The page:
joanne lee


feeling my way

Although record shopping is ostensibly all about gathering stuff for the ears, I’ve come to realise that for me the actual experience is one that involves the whole body. For a start there’s all the bending and stretching required: being a bit of a short arse means I struggle to reach those tricky upper racks, and despite pushing myself on to tiptoes - when I might be able to touch the stock - often I simply can’t see it well enough to make my selection. At other times, especially in stores with used stock, there are boxes set below the racking, and though I suspect that they will be full of crap, there is always the need to check them out just in case they contain an elusive thing for which I have spent years searching. (This does, of course, require that I can remember what I am after, as record shops frequently have the peculiar effect of causing me instant and complete amnesia of anything on my wish list…) So, I squat down and shuffle along the boxes, trying to avoid being knocked out by other punter’s bags, or getting too close to socks and trousers that wouldn’t be able to recall the last time they saw a washing machine.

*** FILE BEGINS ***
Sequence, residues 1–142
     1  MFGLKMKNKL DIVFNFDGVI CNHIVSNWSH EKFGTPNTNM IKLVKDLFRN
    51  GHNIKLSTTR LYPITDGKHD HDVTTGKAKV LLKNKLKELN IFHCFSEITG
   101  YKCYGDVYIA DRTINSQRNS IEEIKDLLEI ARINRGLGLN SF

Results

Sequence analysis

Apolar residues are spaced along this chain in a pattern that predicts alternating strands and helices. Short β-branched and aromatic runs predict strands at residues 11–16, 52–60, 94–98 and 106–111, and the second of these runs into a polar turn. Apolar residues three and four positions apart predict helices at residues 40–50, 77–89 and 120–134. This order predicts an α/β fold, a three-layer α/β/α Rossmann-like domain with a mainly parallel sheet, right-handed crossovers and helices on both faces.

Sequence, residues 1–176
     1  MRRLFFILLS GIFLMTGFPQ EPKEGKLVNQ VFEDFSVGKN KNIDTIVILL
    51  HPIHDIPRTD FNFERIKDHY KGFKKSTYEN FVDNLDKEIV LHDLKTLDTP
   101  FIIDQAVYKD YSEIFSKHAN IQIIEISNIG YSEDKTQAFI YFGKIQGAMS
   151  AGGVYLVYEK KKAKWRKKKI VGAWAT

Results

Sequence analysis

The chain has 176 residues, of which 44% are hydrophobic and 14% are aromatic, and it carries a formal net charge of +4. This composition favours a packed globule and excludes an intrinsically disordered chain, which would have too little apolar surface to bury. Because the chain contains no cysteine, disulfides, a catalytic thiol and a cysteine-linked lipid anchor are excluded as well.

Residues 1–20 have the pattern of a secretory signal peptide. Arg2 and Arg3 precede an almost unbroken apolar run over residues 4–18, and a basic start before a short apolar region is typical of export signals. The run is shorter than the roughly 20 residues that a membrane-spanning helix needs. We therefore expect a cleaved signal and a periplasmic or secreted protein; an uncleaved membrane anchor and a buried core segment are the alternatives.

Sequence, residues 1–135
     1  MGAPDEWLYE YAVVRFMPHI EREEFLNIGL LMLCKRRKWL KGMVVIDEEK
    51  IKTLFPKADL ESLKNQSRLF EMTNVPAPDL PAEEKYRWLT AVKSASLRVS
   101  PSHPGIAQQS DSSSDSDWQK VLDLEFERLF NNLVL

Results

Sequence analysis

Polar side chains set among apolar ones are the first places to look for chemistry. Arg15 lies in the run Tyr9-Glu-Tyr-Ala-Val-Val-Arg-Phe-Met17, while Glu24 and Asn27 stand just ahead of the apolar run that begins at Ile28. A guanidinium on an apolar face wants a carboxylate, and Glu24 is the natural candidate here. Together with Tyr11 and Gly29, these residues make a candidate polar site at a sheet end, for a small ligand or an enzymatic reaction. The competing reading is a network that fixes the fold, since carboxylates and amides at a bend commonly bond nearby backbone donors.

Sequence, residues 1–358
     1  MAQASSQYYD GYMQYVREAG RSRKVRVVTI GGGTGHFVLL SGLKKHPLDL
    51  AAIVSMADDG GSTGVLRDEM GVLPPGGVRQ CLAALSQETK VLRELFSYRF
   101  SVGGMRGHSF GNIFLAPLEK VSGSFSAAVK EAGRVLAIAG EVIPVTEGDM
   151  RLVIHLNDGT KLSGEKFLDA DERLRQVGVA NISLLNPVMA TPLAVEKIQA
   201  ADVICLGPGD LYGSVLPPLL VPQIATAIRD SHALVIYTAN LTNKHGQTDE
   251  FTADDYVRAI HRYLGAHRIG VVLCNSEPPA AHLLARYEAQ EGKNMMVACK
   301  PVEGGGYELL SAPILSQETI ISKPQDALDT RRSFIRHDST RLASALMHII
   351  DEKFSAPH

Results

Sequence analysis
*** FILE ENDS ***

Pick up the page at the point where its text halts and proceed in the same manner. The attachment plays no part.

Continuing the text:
Smell is a surprisingly important component of my record shopping. Right from the beginning, as a teenager, I remember haunting dim little shops tucked away in half-empty arcades, places where I often had to dodge the low-flying pigeons that roosted there. These shops would be pervaded with the competing reek of patchouli from nearby shops selling ‘hippy’ clothes and silver bangles, and the stink of chip fat from a cheap caff across the way. These days, smell is a key signifier as to whether the shop is doing ok or not: I try to avoid those that have the tell-tale fustiness of old stock, grime and odoriferous punters. There may be bargains to be had, as the shop tries to shift its bloated stock with increasingly desperate mark-downs, but my hands are soon too grubby and my nose unpleasantly full of the dust from decrepit vinyl. When I escape such places, I’m quick to scrub my hands, not only to rid myself of the grime, but mainly to erase the terrible melancholia that has accrued.